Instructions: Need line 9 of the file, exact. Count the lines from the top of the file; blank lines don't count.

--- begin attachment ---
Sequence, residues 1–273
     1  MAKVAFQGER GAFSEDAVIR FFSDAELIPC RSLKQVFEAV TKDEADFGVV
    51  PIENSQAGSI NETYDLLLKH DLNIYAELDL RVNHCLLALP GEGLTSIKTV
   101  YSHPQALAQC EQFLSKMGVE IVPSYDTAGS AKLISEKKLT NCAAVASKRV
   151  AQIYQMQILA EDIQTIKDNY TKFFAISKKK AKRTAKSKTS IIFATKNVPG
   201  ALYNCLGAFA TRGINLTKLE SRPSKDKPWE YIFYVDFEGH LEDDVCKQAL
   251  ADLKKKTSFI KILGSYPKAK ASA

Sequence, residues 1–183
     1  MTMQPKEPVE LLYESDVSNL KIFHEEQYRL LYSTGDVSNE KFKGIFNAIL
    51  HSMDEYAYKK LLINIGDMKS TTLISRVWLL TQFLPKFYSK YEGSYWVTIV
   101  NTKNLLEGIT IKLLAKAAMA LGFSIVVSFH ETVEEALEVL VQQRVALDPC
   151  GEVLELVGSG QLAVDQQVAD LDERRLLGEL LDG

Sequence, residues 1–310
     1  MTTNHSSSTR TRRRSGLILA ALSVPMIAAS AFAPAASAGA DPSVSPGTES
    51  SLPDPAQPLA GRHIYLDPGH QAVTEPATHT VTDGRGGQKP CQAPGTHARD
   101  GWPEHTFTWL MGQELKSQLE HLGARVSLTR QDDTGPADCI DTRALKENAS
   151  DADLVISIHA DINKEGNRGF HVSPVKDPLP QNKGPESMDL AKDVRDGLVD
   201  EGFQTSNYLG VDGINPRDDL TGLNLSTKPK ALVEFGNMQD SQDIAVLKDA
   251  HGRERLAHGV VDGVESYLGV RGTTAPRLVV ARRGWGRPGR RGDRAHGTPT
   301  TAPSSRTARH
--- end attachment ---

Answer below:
     1  MTMQPKEPVE LLYESDVSNL KIFHEEQYRL LYSTGDVSNE KFKGIFNAIL